Response to the Work and Pensions Committee report on housing support in the reformed welfare system
Matthew Reed, Chief Executive of The Children’s Society, said:
'This report shines a spotlight on the damage that some of the government’s changes to housing support are causing many of the UK’s poorest children and families.
'Cuts to support for families renting their home and changes to the way rents are paid, threaten to put families – many that are already struggling to provide their children with the basics – into debt and, in some cases, risk homelessness.
'The government must act on the committee’s recommendations, including by monitoring whether these changes cause families to lose their homes, and by giving families the option of having their rent paid direct to their landlord.
'A decent, affordable home is not a luxury, it is a necessity. The government must make sure that none of its policies denies any child this basic right.'
For more information, please call The Children’s Society media team on 020 7841 4422 or email firstname.lastname@example.org. For out-of-hours enquiries please call 07810 796 508.
Notes to editors
- The Children’s Society submitted written and oral evidence to the Work and Pensions Committee for this report.
- 3.5 million children in the UK are living in poverty today.
- Six in 10 children living in poverty are in low-income working families.
- By 2020, an estimated three quarters of a million more children will be living in poverty than today according to the Institute for Fiscal Studies.
- The Children’s Society is supporting the first-ever Children’s Commission on Poverty. The commissioners want the government to draw on children’s actual experience – and not just the statistics -- when developing measures to tackle child poverty. The Children’s Commission on Poverty is being supported by The Children’s Society and led by a panel of 16 children and teenagers from across England, ranging in age from 12 to 19. They are leading an 18-month investigation into child poverty in the UK. It provides a crucial platform for children to speak out about what poverty is really like and reveal, through their own eyes, the day-to-day challenges they face and what needs to be done.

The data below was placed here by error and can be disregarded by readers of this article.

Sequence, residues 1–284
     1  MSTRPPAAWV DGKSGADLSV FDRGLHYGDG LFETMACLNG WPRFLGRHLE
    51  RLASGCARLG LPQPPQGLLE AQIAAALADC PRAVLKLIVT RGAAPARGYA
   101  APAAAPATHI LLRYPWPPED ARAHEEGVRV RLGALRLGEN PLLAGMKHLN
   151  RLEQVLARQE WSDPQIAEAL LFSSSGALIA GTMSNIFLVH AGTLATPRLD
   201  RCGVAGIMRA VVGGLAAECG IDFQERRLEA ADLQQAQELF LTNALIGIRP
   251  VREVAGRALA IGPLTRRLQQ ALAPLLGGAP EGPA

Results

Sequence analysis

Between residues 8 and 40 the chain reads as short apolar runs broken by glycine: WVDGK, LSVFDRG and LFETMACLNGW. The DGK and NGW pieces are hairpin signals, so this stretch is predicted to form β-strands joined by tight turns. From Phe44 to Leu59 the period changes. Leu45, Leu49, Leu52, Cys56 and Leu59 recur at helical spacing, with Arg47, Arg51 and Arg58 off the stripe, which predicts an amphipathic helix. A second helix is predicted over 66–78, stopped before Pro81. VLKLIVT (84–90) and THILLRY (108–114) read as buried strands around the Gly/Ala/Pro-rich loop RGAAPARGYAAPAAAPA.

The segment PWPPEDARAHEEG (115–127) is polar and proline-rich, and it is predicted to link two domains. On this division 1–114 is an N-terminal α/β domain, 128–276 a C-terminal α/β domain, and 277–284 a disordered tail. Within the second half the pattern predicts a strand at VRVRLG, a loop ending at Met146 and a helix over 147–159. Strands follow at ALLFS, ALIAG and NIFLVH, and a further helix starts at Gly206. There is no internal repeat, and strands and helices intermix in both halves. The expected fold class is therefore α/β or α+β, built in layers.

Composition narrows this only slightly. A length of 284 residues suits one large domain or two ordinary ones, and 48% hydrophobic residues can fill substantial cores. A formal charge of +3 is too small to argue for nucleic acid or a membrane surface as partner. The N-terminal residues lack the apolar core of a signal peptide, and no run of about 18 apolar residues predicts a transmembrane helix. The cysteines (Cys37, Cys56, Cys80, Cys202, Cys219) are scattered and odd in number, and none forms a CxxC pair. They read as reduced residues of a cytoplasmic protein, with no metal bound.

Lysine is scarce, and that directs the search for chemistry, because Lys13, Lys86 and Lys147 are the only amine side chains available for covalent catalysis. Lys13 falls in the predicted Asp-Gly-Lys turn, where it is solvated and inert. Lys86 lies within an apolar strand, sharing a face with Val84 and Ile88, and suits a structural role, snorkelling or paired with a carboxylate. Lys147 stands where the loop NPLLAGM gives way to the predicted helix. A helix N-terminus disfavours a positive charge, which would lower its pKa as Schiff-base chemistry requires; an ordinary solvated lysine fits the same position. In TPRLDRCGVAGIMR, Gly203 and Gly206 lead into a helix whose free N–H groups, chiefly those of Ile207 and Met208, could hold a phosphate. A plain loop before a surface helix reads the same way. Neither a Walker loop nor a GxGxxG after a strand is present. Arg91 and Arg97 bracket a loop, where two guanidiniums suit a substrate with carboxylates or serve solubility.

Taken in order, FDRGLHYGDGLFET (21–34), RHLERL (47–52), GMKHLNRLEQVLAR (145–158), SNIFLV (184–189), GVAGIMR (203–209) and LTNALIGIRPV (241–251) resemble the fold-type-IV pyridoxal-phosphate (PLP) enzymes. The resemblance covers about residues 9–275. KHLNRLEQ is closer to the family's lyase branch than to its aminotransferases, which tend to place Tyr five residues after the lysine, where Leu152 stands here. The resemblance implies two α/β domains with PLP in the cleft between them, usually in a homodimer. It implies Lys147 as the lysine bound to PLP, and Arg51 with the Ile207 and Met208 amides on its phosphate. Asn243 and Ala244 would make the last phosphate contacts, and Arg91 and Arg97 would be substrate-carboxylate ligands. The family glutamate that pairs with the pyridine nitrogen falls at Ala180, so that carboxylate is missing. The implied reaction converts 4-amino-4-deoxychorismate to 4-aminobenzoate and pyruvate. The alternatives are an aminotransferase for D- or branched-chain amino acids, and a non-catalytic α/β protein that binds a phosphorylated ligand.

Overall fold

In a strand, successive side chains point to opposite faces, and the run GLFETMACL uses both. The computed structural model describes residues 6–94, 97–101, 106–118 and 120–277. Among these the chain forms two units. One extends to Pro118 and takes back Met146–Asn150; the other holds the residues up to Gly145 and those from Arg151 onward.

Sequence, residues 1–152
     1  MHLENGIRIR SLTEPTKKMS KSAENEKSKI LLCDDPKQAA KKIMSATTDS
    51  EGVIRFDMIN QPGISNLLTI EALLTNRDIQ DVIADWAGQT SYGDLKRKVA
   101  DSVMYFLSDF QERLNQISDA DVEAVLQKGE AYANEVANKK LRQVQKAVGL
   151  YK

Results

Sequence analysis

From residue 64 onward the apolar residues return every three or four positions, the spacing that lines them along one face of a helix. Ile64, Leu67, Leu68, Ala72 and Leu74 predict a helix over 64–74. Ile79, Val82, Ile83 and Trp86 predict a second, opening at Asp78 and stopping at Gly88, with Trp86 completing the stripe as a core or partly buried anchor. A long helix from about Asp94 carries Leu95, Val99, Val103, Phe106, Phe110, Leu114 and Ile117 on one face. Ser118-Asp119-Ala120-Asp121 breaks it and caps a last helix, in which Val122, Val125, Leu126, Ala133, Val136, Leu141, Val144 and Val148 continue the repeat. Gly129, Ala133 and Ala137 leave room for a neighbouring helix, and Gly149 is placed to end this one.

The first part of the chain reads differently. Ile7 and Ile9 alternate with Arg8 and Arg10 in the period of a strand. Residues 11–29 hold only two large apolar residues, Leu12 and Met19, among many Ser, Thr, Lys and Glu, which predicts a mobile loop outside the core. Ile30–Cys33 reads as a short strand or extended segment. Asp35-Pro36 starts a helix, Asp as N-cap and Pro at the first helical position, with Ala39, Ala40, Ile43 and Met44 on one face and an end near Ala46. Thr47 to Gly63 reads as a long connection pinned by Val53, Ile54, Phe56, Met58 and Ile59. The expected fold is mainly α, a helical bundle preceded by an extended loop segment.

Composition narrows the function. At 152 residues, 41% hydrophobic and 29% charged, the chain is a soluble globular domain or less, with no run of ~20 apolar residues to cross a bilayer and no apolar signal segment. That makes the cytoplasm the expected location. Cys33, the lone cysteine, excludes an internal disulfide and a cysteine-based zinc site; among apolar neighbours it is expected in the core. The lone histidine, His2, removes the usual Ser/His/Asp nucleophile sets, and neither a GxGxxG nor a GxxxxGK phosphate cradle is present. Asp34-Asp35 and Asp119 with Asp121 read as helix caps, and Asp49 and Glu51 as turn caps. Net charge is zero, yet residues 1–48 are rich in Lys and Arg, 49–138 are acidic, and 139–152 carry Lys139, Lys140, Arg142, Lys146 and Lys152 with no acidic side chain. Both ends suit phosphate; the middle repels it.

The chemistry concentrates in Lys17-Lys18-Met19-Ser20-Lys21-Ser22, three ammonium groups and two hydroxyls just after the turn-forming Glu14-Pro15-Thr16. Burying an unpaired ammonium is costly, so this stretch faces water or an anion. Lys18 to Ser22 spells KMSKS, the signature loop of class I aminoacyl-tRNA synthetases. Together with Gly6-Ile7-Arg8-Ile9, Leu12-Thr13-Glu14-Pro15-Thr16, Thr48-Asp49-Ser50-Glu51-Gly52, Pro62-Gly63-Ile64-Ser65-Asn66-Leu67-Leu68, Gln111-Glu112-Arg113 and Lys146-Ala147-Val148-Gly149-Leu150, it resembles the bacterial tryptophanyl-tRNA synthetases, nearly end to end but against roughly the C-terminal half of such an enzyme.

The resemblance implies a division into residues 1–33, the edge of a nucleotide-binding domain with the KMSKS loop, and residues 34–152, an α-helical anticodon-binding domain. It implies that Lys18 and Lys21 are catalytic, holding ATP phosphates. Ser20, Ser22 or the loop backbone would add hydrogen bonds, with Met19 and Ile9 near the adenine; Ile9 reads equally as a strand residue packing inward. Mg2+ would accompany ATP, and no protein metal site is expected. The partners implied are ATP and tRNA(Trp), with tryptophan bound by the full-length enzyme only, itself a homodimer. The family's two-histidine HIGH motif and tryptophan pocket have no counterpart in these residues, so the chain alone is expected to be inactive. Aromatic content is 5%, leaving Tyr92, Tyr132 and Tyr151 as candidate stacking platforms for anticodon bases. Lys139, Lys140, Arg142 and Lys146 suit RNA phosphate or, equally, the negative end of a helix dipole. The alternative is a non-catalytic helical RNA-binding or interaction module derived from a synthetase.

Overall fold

- The Children’s Society wants to create a society where children and young people are valued, respected and happy. We are committed to helping vulnerable and disadvantaged young people, including children in care and young runaways. We give a voice to disabled children, help young refugees to rebuild their lives and provide relief for young carers. Through our campaigns and research, we seek to influence policy and perceptions so that young people have a better chance in life. Someone who acts on their behalf and can help guide them through the extremely complex system. These children deserve to be kept safe so they can recover from the trauma they have suffered and rebuild their lives.